The number of annual alcohol-specific deaths in Northern Ireland has reached the highest level on record, with over 350 deaths in 2020 according to the Northern Ireland Statistics and Research Agency (Nisra).
This is the largest number of deaths due to alcohol recorded in Northern Ireland since the data series began more than 20 years ago.
It was found:
- The total number of alcohol-specific deaths registered in 2020 was 351. This was an increase of 15 from the previous year (336) and the highest since the start of the series, accounting for 2.0% of all deaths registered in 2020.
- Almost two-thirds (66.4%) of the 351 deaths were male, and just over one third (33.6%) were female. Similarly, the age standardised mortality rate per 100,000 population of alcohol-specific deaths for males was twice that of the rate for females (24.9 and 12.3 respectively).
- Alcohol-specific deaths continue to be more prevalent among the 45-54 and 55-64 age groups, which together accounted for 64.7% of all alcohol-specific deaths registered in 2020.
These data reflect a worrying trend across the whole of the UK.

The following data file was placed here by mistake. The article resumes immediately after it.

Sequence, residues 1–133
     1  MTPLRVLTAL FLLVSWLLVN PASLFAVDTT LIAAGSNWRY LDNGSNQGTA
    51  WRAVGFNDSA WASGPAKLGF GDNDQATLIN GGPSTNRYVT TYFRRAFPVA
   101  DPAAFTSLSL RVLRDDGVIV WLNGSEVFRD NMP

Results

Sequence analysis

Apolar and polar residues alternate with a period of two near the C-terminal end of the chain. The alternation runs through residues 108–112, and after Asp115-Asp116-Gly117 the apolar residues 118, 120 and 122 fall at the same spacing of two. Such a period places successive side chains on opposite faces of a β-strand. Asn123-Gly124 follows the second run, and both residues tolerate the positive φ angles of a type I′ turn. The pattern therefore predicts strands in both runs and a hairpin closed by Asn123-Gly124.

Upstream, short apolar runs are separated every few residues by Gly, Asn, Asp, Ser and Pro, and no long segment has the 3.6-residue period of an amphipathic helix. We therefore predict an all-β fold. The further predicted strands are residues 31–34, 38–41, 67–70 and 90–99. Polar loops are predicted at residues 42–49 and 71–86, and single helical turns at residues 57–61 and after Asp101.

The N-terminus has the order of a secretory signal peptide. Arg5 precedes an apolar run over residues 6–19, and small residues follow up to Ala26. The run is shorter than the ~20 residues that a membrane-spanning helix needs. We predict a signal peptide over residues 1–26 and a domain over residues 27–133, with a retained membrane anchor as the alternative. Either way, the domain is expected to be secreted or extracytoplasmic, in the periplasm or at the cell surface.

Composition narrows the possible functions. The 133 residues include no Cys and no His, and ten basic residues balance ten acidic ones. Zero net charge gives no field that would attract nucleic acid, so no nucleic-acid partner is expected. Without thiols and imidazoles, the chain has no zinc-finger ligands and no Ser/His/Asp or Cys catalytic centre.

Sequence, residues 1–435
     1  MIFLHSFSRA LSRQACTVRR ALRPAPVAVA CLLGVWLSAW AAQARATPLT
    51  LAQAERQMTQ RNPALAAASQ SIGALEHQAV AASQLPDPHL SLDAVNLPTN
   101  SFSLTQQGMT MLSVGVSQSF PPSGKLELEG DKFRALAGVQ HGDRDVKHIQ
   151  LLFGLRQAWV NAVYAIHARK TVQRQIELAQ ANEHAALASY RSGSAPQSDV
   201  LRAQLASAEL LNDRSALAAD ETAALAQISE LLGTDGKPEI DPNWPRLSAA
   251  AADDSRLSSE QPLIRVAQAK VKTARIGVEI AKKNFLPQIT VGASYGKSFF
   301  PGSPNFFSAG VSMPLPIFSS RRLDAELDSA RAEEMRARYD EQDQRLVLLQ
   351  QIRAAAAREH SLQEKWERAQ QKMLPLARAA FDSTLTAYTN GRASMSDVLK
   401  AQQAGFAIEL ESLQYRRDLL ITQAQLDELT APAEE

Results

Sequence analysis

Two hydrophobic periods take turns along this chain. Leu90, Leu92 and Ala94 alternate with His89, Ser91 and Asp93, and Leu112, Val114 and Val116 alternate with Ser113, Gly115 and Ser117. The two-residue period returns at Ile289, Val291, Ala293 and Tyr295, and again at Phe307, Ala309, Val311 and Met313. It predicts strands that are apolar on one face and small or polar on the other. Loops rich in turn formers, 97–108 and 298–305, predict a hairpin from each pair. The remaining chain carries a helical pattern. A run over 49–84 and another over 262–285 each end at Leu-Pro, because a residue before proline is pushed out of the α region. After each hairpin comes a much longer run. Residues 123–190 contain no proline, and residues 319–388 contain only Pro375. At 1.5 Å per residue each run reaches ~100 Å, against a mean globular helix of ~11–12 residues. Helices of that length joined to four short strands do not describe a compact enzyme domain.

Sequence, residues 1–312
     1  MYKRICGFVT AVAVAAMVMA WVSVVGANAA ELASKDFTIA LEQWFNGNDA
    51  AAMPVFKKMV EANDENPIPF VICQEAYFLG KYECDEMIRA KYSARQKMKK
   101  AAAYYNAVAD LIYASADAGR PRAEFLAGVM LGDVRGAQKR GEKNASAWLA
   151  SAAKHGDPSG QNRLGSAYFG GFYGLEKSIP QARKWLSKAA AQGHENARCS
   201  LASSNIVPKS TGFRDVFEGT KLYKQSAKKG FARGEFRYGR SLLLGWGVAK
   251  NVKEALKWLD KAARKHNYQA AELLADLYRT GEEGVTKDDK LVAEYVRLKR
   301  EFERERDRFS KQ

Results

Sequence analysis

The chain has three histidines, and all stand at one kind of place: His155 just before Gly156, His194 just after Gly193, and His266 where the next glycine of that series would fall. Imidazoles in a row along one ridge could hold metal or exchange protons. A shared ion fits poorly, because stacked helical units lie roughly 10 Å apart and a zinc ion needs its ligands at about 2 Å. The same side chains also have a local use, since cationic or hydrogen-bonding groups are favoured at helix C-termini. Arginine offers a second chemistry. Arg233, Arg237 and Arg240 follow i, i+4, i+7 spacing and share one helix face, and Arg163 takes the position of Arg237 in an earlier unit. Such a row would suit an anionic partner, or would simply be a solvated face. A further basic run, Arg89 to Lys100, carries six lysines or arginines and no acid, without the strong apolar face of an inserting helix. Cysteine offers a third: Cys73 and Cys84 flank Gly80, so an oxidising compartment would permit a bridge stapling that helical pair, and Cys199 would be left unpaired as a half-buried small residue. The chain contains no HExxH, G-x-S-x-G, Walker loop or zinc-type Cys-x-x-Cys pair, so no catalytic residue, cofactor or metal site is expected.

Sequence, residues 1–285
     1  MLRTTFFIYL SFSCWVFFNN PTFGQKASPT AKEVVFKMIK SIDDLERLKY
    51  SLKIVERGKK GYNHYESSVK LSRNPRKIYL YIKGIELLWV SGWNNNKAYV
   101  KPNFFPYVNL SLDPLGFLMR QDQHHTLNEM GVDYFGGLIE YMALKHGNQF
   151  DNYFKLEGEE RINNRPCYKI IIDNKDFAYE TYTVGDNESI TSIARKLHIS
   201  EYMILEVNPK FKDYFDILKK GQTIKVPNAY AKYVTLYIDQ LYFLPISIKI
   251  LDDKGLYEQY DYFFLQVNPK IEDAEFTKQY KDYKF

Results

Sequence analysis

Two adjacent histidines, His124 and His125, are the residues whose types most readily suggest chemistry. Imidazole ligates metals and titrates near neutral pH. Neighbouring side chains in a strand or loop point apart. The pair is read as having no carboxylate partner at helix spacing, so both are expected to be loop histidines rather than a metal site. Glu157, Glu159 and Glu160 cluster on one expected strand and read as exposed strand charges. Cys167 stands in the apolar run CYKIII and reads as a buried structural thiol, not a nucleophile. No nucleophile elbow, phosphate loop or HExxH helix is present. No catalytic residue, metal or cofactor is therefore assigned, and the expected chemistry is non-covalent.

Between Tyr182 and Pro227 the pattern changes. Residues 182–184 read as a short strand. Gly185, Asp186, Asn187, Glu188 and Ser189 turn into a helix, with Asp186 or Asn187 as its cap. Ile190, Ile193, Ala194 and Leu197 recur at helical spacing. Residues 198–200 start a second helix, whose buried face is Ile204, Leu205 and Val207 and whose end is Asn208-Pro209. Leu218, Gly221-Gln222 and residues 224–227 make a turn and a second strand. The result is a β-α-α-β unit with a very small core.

In England and Wales, there were 7,423 alcohol-specific deaths last year – a rise of 20% from 2019, according to the latest data from the Office for National Statistics (ONS).
In Scotland, the number of alcohol-specific deaths increased by 17% to 1,190 in 2020, up from 1,020 in 2019, according to statistics on deaths by various causes published today by National Records of Scotland.
Speaking about the rise in the number of deaths linked to alcohol across the whole of the UK, Professor Sir Ian Gilmore, Chair of the Alcohol Health Alliance, said:
“It is devastating to hear that the number of deaths linked to alcohol has increased so dramatically in the last year. Each of these numbers represents a life of an individual cut short by alcohol consumption and a family that has been left in mourning. The future impact of the COVID-19 pandemic on addiction and mental health makes action now all the more critical.
“If the UK Government wants to demonstrate its commitment to turning this tragic trend around, it must urgently introduce an alcohol strategy which seeks to address health inequalities and stop the sale of cheap, strong alcohol that is so harmful to health. The Government also needs to improve access to treatment for those who need it. We cannot afford to ignore the growing alcohol harm crisis – lives depend on action being taken now.”